Monday, May 25, 2020

Getting out of one's chair in Virginia Woolf short stories – or not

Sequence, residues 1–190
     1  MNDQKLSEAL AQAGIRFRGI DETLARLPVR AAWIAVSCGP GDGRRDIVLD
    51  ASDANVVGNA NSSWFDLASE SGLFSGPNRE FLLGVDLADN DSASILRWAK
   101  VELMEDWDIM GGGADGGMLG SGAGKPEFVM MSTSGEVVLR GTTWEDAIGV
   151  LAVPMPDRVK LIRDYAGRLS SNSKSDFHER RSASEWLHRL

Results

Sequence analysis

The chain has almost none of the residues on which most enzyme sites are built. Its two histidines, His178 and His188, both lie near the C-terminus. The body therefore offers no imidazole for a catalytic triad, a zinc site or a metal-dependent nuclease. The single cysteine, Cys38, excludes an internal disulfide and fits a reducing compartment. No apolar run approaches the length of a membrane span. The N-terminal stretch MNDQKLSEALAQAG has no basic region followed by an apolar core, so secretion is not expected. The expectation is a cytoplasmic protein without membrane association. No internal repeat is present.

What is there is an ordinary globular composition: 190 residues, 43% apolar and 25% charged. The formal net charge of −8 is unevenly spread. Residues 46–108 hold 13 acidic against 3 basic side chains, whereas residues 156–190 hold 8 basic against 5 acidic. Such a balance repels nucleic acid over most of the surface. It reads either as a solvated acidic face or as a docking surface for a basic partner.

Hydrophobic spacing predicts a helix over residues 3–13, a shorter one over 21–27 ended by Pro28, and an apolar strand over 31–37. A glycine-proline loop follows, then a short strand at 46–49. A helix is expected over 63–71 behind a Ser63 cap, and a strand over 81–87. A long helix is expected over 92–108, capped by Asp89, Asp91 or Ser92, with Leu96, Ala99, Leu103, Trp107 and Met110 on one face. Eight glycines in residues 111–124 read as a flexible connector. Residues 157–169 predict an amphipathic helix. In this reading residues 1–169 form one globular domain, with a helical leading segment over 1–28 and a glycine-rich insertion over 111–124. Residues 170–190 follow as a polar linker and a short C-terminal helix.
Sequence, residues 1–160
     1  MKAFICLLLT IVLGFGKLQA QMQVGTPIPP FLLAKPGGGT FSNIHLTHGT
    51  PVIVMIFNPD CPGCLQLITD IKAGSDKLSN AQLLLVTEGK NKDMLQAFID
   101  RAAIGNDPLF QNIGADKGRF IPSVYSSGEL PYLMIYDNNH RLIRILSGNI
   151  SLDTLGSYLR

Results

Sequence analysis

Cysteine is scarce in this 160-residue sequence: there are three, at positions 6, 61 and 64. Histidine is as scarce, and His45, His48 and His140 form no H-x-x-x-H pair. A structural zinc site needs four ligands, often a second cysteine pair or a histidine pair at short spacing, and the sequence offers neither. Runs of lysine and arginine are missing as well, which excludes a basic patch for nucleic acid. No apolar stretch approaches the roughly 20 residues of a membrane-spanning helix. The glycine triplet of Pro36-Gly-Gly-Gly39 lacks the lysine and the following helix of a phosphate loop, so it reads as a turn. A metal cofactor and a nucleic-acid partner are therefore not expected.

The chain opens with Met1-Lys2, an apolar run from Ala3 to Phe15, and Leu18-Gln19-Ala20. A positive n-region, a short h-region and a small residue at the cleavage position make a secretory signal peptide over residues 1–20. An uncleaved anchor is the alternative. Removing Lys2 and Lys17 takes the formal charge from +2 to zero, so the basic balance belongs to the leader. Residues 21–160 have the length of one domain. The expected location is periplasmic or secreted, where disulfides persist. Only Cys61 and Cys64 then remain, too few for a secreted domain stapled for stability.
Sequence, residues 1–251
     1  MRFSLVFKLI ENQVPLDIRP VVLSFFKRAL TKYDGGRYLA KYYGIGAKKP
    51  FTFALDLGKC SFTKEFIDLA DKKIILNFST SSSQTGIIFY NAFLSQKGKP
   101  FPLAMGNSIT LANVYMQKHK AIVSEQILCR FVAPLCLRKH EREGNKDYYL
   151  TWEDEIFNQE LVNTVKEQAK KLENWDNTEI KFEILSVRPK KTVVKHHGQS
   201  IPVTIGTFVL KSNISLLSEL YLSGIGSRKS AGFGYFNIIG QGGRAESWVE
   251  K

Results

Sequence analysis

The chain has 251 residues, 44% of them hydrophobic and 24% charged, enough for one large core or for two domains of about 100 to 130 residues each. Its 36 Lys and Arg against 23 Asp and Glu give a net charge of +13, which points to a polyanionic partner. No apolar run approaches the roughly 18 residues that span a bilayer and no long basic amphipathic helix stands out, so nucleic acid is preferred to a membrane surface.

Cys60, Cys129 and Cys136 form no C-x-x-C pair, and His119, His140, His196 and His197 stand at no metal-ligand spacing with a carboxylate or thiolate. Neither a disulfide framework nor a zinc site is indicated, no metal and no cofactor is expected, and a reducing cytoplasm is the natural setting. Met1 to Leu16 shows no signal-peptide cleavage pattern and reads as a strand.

In Virginia Woolf's "The Mark on the Wall", the narrator never gets up from her chair to identify that mark. In "The Lady in the Looking-Glass: A Reflection", "one" also never gets up to see outside without the help of the mirror. But in "A Haunted House", "one" puts down one's book and gets up to see what's haunting the house. If this search is at first as fruitless as the narrator of "The Mark on the Wall" expects such projects to be, a first-person speaker later wakes up and understands what the ghosts were communicating to her. An answer is found – but not because one gets up from one's chair. (Andrew Shields, #111words, 25 May)

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